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Drabblecast 088 - The Toys of Peace

Posted: Wed Nov 05, 2008 10:33 pm
by Kevin Anderson
Drabblecast 88

The Toys of Peace
by Saki

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Harvey retreated to the library and spent some thirty or fourty minutes in wondering whether it would be possible to compile a history, for us in elementary schools, in which there should be no prominent mentions of battles, massacres, murderous intrigues, and violent deaths...

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Saki (H.H. Munro) | The Dunesteef Audio Fiction Magazine

Posted: Thu Nov 06, 2008 4:55 am
by Mr. Tweedy
Norm... That was genius. I mean, what else can you say about that episode? How can you even come up with such nuggets of brilliance on a weekly basis? Your mind is a hamster cage and Sooty's gettin' it on.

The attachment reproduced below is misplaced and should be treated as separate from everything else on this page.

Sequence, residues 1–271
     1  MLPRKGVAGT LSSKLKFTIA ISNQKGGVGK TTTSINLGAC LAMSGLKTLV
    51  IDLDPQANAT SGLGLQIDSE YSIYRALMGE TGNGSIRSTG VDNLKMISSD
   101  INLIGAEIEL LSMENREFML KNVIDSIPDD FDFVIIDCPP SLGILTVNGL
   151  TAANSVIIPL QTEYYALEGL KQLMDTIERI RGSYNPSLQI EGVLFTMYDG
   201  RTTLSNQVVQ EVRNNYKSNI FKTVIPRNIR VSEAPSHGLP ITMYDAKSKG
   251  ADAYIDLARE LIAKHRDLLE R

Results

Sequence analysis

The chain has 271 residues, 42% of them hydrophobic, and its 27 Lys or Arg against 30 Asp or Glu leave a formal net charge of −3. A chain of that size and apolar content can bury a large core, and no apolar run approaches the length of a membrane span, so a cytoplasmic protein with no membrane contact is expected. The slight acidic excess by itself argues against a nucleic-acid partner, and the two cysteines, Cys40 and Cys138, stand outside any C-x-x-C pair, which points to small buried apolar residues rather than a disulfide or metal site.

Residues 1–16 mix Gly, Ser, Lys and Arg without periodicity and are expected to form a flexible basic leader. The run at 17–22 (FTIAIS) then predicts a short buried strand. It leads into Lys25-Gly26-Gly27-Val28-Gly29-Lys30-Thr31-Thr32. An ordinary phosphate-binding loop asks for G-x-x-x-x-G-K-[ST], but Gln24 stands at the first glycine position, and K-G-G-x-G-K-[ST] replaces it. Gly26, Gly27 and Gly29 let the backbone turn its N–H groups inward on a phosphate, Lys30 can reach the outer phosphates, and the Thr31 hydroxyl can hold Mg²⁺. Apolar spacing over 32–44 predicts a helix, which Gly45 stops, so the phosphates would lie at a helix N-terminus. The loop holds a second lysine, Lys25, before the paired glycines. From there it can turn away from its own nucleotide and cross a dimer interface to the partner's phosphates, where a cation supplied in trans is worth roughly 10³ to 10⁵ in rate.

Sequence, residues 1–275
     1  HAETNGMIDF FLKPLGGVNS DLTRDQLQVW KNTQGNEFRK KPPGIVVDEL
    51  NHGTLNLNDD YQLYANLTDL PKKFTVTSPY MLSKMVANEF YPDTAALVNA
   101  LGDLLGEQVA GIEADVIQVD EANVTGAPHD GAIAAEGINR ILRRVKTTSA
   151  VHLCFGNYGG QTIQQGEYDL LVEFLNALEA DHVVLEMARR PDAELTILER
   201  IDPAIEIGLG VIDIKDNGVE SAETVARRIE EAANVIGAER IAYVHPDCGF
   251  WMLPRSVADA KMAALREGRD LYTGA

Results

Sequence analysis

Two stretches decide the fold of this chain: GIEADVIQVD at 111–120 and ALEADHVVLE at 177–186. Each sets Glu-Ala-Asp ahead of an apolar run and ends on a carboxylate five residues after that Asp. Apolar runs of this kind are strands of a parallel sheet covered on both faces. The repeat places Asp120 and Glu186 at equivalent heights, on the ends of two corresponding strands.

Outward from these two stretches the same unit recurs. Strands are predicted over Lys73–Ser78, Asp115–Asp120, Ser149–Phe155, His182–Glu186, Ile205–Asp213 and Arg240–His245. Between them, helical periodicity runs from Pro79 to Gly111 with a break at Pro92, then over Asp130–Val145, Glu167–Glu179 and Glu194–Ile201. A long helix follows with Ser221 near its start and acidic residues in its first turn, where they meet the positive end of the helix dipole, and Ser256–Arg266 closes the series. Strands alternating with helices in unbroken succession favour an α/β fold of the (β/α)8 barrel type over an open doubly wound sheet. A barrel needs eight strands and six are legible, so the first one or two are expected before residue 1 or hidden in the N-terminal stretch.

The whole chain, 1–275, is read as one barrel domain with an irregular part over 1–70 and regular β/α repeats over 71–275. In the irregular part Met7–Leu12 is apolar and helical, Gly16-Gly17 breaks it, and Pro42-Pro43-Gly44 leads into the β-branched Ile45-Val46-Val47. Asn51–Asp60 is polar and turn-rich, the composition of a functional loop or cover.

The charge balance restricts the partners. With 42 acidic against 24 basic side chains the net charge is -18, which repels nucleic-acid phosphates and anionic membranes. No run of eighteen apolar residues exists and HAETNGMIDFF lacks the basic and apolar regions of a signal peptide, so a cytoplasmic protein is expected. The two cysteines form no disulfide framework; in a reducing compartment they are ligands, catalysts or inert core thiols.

Posted: Thu Nov 06, 2008 6:42 am
by LajesticVantrashellofLob
The story moved far too slowly for me - I think it would have worked better as a story grenade. The section where Harvey pulled out the toys and spoke about "hedge-clipping" was hilarious, but the story was very predictable both before and after that. The last few sentences flat-out sucked. "We've gotten to them too late." is such a huge cop out that I can't even describe it. Saki's stories are usually like this for me - a semi-interesting premise that never really goes anywhere, although this particular story was more amusing than the others have been.

Posted: Thu Nov 06, 2008 3:55 pm
by strawman